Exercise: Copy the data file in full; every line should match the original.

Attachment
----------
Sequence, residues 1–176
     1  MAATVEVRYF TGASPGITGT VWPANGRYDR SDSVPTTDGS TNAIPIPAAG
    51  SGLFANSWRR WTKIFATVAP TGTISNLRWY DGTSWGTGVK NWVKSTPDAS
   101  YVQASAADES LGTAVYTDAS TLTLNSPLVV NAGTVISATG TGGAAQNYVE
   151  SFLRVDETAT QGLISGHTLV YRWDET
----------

Sequence, residues 1–176
     1  MAATVEVRYF TGASPGITGT VWPANGRYDR SDSVPTTDGS TNAIPIPAAG
    51  SGLFANSWRR WTKIFATVAP TGTISNLRWY DGTSWGTGVK NWVKSTPDAS
   101  YVQASAADES LGTAVYTDAS TLTLNSPLVV NAGTVISATG TGGAAQNYVE
   151  SFLRVDETAT QGLISGHTLV YRWDET